This is a very concerning trend – especially as people may be under-insured, or uninsured. The medication costs are often prohibitive – and if one needs the medication to survive at work and to keep one’s income, this can be quite a bind.

What has your experience been? Have the costs of your prescription gone up?

Please share your comments below.

** As further explanation – the information above refers to prices in the US. I have recently published two articles showing that the trend in Canada is that in fact the prices are coming down – particularly for Strattera and Adderall XR. You can read more details here: Strattera Price Drop in Canada, and Adderall XR Price Drop in Canada.


Dr. Kenny

Generic Adderall XR in the US

As of April 3, 2009, generic Adderall XR is available in the United States. It is being made by Teva Pharmaceuticals. (You can review a news report about this here.)

What Does ‘Generic’ Mean?

When a medicine is first released – it is patented by the company that invested in the research to develop it. They have a certain number of years to market the medicine exclusively. After the patent runs out – the medicine can be created by other drug manufacturers – the ‘generic’ companies – generally at a significant discount.

The analogy here is ‘Kleenex’ vs. tissue.

Kleenex is a brand of tissue. It is only made by one company. However, tissue is made by many companies.
Using this analogy – Adderall XR is the ‘Kleenex’, and generic adderall XR is the ’tissue’.

Will it work the same?

The short answer is yes. Generic drug manufacturers are able to have a minor variation in how much of the medicine will be absorbed, but for most people, this will not have an impact. In my clinical experience, a small percentage of people are sensitive to the differences and may need to have the ‘brand name’ medicine only. If that is the case, the doctor needs to write a prescription for Adderall XR NO SUBSTITUTION. When the words ‘no substitution’ are there, it tells the pharmacist that only the original Adderall XR will do.

For further information on generic medicines in ADHD, please visit this article that I’ve written previously on this topic.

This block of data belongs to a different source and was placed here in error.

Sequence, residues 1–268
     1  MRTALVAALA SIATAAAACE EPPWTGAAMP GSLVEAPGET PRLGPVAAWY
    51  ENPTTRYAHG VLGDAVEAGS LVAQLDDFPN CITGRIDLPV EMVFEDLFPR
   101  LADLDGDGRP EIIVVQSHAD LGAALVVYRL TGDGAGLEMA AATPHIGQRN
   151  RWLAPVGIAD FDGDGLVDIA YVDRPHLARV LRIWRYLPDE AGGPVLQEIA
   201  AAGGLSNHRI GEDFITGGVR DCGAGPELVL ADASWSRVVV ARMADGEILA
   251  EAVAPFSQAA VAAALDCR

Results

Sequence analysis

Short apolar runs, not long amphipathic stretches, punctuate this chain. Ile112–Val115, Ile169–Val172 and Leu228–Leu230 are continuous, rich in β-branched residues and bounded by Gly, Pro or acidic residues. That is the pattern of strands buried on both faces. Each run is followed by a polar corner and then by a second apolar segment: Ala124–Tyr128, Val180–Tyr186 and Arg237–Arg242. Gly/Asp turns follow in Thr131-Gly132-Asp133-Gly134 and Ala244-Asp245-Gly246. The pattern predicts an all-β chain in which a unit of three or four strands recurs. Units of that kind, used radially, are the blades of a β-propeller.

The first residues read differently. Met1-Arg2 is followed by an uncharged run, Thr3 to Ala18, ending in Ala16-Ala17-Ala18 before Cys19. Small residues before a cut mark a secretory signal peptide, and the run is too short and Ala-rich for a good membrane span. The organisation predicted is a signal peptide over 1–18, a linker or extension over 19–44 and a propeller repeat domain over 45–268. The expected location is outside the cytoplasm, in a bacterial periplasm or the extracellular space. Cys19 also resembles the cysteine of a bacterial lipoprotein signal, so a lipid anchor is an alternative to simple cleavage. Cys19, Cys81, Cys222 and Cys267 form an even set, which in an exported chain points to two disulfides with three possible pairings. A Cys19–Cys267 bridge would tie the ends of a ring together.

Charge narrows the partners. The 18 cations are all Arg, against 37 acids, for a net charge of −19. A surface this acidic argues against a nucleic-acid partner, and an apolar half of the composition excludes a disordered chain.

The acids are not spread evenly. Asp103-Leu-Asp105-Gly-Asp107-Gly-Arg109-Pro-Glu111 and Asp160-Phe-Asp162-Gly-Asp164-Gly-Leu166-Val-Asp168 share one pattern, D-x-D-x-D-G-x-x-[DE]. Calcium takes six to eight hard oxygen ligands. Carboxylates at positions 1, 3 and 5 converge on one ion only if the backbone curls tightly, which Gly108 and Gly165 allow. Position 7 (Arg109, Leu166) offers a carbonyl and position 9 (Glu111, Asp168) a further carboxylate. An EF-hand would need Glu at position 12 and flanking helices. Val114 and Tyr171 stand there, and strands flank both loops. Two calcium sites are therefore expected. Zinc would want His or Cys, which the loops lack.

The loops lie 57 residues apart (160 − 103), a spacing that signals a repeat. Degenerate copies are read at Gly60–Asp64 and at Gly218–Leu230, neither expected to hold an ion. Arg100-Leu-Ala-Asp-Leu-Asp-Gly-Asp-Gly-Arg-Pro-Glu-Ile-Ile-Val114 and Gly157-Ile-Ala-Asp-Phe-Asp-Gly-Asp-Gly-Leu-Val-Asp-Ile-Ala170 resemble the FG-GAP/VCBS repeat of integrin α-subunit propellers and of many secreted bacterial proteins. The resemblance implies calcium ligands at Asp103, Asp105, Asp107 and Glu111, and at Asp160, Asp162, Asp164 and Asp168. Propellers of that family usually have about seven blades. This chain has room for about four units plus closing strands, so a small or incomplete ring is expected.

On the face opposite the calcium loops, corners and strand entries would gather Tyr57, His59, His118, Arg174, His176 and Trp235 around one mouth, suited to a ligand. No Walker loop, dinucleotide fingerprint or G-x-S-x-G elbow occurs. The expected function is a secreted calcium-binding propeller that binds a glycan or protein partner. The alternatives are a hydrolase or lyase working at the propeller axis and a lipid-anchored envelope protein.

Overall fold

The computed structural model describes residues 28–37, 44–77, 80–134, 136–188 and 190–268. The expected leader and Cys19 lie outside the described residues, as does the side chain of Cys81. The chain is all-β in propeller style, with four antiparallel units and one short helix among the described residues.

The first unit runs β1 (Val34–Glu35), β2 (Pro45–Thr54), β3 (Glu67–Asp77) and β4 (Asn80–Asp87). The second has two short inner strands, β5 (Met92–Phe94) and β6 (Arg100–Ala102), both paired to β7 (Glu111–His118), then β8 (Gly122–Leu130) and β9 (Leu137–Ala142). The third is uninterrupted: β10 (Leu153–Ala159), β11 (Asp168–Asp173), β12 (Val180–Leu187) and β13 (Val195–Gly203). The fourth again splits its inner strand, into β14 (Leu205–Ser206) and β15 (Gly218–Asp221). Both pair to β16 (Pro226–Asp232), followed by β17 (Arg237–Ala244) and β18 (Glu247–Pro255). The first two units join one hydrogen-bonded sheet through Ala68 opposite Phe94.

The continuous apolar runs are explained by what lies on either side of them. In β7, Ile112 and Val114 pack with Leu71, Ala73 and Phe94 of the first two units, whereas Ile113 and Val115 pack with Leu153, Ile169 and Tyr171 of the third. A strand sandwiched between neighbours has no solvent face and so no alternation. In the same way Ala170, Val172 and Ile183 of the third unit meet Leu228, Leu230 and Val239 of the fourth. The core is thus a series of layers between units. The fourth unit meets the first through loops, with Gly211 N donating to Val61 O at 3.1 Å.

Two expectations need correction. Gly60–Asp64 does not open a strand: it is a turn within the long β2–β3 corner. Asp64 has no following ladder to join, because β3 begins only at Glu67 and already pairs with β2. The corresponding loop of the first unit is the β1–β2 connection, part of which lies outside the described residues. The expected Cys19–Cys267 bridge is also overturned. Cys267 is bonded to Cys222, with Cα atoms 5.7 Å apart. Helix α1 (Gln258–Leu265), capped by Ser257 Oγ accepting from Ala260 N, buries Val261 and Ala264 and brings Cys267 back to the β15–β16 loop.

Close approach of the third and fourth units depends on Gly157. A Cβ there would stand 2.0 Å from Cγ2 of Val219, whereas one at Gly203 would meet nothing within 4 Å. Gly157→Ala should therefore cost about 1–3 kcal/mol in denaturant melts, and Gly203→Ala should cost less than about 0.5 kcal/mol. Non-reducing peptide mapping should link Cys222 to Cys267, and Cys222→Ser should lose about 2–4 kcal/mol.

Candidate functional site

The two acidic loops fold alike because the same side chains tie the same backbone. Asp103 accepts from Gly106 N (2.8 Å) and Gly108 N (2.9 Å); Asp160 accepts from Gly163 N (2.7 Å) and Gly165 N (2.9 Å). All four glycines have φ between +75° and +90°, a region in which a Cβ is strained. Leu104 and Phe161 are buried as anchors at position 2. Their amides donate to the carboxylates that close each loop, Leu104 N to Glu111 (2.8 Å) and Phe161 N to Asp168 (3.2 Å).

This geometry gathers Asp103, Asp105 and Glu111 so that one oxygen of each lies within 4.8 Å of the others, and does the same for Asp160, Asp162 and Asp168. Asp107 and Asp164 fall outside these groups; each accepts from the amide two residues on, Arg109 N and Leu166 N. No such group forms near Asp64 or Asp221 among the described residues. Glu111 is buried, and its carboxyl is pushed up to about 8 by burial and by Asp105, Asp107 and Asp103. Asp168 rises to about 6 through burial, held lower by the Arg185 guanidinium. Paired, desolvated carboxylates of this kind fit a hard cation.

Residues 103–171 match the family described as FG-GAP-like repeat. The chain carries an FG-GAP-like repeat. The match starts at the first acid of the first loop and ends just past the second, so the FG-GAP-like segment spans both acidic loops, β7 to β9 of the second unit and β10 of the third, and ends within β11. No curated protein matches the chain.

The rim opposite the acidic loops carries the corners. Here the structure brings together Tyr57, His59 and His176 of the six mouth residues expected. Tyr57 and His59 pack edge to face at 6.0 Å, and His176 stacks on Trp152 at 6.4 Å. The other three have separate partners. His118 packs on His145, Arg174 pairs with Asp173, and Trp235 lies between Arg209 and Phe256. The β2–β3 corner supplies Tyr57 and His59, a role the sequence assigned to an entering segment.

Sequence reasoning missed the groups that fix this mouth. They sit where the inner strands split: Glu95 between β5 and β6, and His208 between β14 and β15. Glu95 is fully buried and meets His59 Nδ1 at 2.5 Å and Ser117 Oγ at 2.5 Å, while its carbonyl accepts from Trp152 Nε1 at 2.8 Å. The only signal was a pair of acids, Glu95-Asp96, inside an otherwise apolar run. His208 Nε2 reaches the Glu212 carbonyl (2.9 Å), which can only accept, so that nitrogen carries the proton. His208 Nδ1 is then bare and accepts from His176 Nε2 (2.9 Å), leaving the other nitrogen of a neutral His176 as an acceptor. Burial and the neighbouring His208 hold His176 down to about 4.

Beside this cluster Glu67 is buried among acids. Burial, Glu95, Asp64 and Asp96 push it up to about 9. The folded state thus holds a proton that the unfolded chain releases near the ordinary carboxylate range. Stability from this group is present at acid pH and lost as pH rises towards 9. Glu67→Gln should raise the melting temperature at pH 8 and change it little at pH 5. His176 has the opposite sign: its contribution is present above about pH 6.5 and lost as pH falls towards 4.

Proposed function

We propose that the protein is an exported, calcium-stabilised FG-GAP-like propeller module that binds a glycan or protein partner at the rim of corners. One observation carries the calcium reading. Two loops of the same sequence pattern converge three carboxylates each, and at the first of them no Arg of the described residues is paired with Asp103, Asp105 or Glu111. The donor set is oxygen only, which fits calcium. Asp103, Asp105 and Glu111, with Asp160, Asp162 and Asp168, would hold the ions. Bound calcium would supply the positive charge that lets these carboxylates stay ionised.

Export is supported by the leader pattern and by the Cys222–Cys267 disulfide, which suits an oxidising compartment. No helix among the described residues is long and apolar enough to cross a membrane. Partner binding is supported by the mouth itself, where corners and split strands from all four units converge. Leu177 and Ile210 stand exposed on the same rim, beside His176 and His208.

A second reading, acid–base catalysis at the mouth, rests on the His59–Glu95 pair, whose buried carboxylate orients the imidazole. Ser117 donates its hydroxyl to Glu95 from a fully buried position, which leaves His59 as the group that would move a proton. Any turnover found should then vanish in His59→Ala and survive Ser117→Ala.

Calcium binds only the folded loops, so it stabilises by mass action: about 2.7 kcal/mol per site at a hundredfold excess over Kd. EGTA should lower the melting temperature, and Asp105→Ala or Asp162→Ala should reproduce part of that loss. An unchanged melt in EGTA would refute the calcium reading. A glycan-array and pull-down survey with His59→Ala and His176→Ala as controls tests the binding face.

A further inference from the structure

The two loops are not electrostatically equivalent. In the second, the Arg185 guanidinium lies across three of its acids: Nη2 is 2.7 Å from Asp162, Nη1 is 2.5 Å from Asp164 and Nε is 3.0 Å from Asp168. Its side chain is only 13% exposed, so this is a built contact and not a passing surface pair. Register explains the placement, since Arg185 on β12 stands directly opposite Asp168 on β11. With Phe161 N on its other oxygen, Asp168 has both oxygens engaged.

What Does This Mean for You?

If you have wanted to take a newer, long acting medication like Adderall XR – it just got cheaper.
If you have insurance to pay for your medication, then this is unlikely to matter much to you. If you have to pay for your medication yourself, then it may make a difference to you.
Please remember – this news just applies to the US, as Adderall XR has not gone generic in other countries – such as Canada.

Does this impact you? Share your thoughts and comments below.


Dr. Kenny

The Dollars and Cents of ADHD

A press release just came out today – publicizing a report which is available for purchase about the nature of the pharmaceutical market in ADHD. The press release documents that the ADHD market is worth $3.85 billion per year, and will have a compound annual growth rate of 1.2% over the next 10 years. They document that the adult ADHD ‘market’ is largely untapped, and they predict that it will likely be twice as big as the pediatric ADHD market.

I have to say that I always have a mixed response when I read statistics like this.

On the negative side – this type of data makes it seems that the pharmaceutical companies are just trying to make sure that more prescriptions are written, and they see people with ADHD as just consumers of their drug and ‘dollars and cents’. Additionally, these data help to fuel the ‘ADHD nay-sayers’ to talk about how ‘over treated’ and ‘over medicated’ ADHD is. (I can hear them saying – ‘almost $4 billion dollars of drugs sold per year???’).